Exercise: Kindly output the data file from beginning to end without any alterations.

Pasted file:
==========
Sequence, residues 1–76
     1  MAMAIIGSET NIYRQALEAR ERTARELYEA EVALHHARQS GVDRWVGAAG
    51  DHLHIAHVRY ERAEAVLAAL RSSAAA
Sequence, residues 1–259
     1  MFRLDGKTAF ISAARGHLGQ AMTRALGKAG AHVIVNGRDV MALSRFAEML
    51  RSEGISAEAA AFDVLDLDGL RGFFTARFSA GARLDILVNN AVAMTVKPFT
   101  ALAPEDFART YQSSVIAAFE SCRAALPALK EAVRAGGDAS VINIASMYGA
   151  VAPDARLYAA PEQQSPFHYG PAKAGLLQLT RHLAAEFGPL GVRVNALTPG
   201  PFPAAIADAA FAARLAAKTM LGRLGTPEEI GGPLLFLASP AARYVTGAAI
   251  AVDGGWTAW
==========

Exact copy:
Sequence, residues 1–76
     1  MAMAIIGSET NIYRQALEAR ERTARELYEA EVALHHARQS GVDRWVGAAG
    51  DHLHIAHVRY ERAEAVLAAL RSSAAA
Sequence, residues 1–259
     1  MFRLDGKTAF ISAARGHLGQ AMTRALGKAG AHVIVNGRDV MALSRFAEML
    51  RSEGISAEAA AFDVLDLDGL RGFFTARFSA GARLDILVNN AVAMTVKPFT
   101  ALAPEDFART YQSSVIAAFE SCRAALPALK EAVRAGGDAS VINIASMYGA
   151  VAPDARLYAA PEQQSPFHYG PAKAGLLQLT RHLAAEFGPL GVRVNALTPG
   201  PFPAAIADAA FAARLAAKTM LGRLGTPEEI GGPLLFLASP AARYVTGAAI
   251  AVDGGWTAW